Off-Ramp | Off-Ramp host John Rabe and contributors share thoughts on arts, culture, and life in L.A.
Arts & Entertainment

Peter Stenshoel's Album of the Week: Simon & Garfunkel

Listen to

Download this 3.0MB

What shall I write about Paul Simon? In the language of social media, it's complicated. There is no question of artistry and talent. There is, however, something to be said about how one chooses to apply his art and talent.

My initial encounter with Simon and Garfunkel took place in the dark. I was lying in a sleeping bag with my trusty Bakelite radio, the lone accoutrement in my unfurnished basement bedroom. We had just moved into our new house in a wooded area of Minnetonka, and a deep window well allowed me to sense the dark outside as well. Halloween season was upon us. Suddenly one of the eeriest songs I had ever heard crept onto the radio. "The Sound of Silence" amazed me for its poetic quality and the mixture of quiet voices in harmony with electric guitar and rock drums. Hearing it in that setting was scary, but so interesting!

Fast forward one year to Christmas '66. Uncle John sent us Parsley, Sage, Rosemary and Thyme. From the start, the album cast a spell on me with its odd combination of confidence, satire, vulnerability, and beauty. The whole family commented favorably on Uncle John's gift. (I believe it's the same copy pictured above, though it's plain that the album was used as an easel for a drawing game we play called Redondo, since you can see red Sharpie has leaked on to Art Garfunkel's hair.)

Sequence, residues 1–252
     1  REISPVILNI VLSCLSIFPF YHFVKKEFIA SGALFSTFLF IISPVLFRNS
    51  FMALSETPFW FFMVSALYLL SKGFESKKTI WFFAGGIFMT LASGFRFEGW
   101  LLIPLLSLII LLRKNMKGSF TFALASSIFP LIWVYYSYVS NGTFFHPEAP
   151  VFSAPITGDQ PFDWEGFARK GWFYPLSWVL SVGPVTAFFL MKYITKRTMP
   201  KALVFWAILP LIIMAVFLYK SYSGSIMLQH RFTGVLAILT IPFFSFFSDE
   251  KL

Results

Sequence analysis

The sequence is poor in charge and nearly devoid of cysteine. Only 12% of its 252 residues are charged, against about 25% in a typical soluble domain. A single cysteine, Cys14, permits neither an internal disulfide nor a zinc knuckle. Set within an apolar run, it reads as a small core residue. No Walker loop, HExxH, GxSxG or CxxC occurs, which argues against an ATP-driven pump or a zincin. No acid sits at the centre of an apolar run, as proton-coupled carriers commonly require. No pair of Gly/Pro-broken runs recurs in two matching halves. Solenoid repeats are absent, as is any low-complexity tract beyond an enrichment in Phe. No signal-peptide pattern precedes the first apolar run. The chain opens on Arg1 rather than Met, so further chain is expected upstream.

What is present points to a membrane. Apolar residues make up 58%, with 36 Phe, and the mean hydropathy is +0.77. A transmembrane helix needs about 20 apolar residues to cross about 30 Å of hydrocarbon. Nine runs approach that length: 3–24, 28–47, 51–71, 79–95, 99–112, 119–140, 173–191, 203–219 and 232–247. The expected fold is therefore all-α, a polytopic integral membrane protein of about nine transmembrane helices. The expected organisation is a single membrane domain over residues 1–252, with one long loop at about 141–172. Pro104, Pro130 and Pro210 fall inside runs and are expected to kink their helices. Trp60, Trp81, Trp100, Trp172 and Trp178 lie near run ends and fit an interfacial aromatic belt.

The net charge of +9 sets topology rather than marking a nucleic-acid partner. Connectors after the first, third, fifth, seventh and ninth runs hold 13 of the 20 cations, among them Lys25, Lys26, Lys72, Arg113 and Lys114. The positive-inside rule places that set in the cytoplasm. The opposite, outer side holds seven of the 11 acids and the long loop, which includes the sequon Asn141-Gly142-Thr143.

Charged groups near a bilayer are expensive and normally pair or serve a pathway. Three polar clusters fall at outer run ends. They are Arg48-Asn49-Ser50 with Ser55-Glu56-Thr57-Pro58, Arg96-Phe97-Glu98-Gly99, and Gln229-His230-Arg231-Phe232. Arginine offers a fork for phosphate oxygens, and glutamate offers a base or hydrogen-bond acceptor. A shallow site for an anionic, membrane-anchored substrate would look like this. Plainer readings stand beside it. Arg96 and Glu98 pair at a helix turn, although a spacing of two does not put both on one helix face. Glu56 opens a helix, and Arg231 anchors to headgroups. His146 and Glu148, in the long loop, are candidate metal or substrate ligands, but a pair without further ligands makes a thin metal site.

I tended to not listen to the Simon oeuvre after this, though of course it was ever present in American life. I first noticed trouble brewing when my father complained with uncharacteristic bitterness about a Paul Simon song that WCCO was playing. The song, "American Tune," ripped-off the composer Hans Leo Hassler, who had written the music heard in the Lenten hymn, "O Sacred Head Now Wounded," as well as in a Chorale from J.S. Bach's Saint Matthew Passion. The fact that Simon got away with calling it an American tune when it was so clearly a German tune, was particularly galling for my father. The cluelessness of the mainstream WCCO announcers added insult to injury.

In later years, Simon would use backings from various cultures to craft his own songs. On Graceland's "Homeless," for example, Simon had the South African vocalists, Ladysmith Black Mambazo, back him up. Some folks groused about what they perceived as a kind of over-the-line usage of others' talents by Simon, but the fact is his touch had a way of propelling those artists to worldwide fame.

Los Lobos, on the other hand, felt burned by Simon's Graceland, at least according to the band's saxophonist, Steve Berlin. In a stunning interview with Scott Caffrey, Berlin claims outright theft. For the record, Simon's version of what transpired appears on the Graceland Wikipedia page.

But for me, the aha moment came when I found that a song I loved, Scarborough Fair/Canticle, was not arranged by Simon, but by the British folkie guitarist and singer, Martin Carthy.

Carthy says he taught the song to Simon, and at any rate released the version you hear above (just before Simon and Garfunkel's) one year before Parsley, Sage, Rosemary and Thyme came out. This thyme it treads on my memories, and I'm left with a sour herbal flavor.

I listen to a lot of Martin Carthy now. Think I'll start checking out Los Lobos, too.